It would be easy to damn The Hunger Games: Catching Fire with the faint praise of calling it a competent sequel, which it is. This blockbuster franchise picture can feel somewhat ho-hum and repetitive (but then so did some of the Harry Potter sequels). By giving audiences a bit more to chew on than its predecessor, Catching Fire compensates for its longeurs.
Adapted by Simon Beaufoy and Michael Arndt (under his pseudonym Michael deBruyn) from Suzanne Collins' YA novel, The Hunger Games: Catching Fire gets a new director in Francis Lawrence (I Am Legend). But in true franchise fashion, the style and tone remain consistent with those established by Gary Ross in last year's The Hunger Games. For that matter, the plot has a certain Potter-y consistency: crack archer Katniss Everdeen (Jennifer Lawrence, on her game as always) again finds herself pressed into the titular battle to the death after some mutual mooning with childhood friend Gale (Liam Hemsworth), firmly situating fellow competitor and romantic-triangle-completer Peeta Mellark (Josh Hutcherson) in the friend zone (yeah, like that'll last), participating in mass-media pomp and circumstance, and sizing up the twenty-two other contestants looking to bump her and Peeta off.
Oh, yes, we have twists, the up-front one being that the players in the 75th anniversary (and third "Quarter Quell") Hunger Games are all "experienced killers" reaped from the pool of former winners. Correction, as per Katniss' alcoholic mentor Haymitch (Woody Harrelson): "There are survivors; there's no winners." Among these new players are hunky Finnick Odair (Sam Claflin), bespectacled strategist Beetee (Jeffrey Wright) and hotheaded Johanna Mason (Jena Malone). They all must submit to the shenanigans devised by gamemaker Plutarch Heavensbee (Philip Seymour Hoffman), and that series of threats is best left unspoiled for those who haven't already read up on them. Suffice it to say the action plays out in a booby-trapped jungle island landscape (the film was shot in Oahu, Hawaii and Georgia).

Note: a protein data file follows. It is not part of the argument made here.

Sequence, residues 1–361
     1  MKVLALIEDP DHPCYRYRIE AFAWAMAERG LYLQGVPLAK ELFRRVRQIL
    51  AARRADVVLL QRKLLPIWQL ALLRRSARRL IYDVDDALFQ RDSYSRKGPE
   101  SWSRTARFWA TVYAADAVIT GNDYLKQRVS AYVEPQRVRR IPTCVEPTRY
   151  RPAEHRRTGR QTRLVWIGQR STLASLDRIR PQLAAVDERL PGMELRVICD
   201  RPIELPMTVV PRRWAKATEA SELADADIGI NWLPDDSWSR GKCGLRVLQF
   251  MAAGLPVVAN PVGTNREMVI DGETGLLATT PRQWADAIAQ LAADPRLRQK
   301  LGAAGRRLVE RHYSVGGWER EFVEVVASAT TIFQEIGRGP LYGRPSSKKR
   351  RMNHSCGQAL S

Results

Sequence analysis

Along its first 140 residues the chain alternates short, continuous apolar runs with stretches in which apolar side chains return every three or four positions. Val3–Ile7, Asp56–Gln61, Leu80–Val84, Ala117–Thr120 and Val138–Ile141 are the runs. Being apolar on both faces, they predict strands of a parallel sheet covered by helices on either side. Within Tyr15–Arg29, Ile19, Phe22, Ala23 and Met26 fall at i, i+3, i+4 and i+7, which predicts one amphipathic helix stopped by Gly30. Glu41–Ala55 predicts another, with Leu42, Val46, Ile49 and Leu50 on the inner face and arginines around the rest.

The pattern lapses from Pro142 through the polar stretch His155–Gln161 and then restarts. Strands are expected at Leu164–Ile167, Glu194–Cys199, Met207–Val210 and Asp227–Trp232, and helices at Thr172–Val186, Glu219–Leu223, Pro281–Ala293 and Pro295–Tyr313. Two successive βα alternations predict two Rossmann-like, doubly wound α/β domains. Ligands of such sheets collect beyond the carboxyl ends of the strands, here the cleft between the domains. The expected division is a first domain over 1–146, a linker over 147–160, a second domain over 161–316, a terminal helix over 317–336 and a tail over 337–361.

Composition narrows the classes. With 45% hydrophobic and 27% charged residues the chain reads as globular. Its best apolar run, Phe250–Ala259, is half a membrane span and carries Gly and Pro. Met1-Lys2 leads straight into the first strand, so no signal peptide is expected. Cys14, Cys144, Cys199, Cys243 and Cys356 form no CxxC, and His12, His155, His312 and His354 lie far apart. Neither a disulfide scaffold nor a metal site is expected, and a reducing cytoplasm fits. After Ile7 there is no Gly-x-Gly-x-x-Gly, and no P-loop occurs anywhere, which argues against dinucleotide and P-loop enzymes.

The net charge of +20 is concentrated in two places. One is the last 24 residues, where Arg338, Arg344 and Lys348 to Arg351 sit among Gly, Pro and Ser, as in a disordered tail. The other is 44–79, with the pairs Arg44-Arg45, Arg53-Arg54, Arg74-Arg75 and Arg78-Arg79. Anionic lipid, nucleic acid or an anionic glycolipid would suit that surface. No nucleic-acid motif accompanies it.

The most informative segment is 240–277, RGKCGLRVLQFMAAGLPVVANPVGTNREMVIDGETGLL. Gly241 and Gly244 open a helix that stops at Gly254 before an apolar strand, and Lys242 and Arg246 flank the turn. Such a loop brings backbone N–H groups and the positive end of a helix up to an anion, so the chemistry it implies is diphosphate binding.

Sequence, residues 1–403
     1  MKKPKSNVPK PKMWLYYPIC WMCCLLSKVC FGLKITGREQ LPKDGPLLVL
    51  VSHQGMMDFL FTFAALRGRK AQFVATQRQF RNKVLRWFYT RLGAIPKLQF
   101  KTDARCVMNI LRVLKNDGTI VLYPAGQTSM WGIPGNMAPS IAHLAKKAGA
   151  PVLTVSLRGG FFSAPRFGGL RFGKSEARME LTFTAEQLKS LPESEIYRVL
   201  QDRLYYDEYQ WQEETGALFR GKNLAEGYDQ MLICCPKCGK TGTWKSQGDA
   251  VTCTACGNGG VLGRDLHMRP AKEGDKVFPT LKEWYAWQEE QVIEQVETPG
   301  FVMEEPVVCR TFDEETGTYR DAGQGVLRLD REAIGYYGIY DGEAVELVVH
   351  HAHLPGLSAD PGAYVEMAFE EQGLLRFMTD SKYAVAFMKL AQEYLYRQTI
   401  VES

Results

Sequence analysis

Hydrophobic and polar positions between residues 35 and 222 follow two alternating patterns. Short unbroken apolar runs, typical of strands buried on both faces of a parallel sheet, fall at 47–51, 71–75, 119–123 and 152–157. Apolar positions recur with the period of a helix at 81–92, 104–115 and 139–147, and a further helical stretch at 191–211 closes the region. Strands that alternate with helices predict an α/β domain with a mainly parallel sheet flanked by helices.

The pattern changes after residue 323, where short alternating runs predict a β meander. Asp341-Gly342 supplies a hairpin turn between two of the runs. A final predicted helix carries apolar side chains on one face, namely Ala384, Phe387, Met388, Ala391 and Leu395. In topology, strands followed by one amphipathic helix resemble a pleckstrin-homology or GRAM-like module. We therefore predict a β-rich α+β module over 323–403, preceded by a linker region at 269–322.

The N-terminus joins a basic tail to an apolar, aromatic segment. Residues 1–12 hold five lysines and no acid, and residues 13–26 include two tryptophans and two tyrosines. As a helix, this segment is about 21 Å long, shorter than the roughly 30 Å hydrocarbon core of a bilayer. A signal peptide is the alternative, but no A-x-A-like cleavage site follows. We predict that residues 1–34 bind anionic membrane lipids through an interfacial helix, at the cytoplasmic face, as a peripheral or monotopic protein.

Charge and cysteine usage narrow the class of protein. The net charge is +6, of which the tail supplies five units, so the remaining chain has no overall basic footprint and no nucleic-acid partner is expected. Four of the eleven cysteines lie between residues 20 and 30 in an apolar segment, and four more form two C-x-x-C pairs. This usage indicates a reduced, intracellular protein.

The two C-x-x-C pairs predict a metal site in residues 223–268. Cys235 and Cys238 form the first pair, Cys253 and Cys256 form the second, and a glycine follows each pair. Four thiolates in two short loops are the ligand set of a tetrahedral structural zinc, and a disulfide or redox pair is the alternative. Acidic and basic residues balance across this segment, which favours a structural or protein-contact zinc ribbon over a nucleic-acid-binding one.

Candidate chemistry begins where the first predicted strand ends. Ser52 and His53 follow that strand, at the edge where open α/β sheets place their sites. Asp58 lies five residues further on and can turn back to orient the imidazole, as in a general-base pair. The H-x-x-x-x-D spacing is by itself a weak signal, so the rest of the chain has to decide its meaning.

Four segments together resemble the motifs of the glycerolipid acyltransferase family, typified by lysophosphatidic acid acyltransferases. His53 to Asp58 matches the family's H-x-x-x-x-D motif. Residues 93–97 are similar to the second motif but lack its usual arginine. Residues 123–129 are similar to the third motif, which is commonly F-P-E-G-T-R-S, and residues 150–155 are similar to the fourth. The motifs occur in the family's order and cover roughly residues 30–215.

But what used to be a narrative underpinning—the totalitarian corruption from which bread and circuses are meant to divert attention—has become superscript this time, with President Snow (Donald Sutherland) so deeply concerned about Katniss' capacity to incite an uprising amongst the wretched, increasingly angry masses that his usual handling tactic of blackmail swiftly escalates to murder plans.
Catching Fire gives Katniss PTSD, but the primary zeitgeisty element here is the media satire, fronted by Stanley Tucci's maniacal TV host and Elizabeth Banks' vapid fashion plate (who chirps, "We must feed the monster!"). Catching Fire teases out comparisons to the life of a young Hollywood star: celebrity under a microscope and a certain amount of duress, having to keep acting whenever a camera is around; the story certainly riffs on studio-concocted relationships (and/or "bearding") in the tight-smile photo ops of Katniss and Peeta.
Haymitch reminds Katniss, "Your job is to be a distraction from what the real problems are," and of course The Hunger Games could be fairly accused of being what it satirizes, but it's not without a thought in its deadly little head.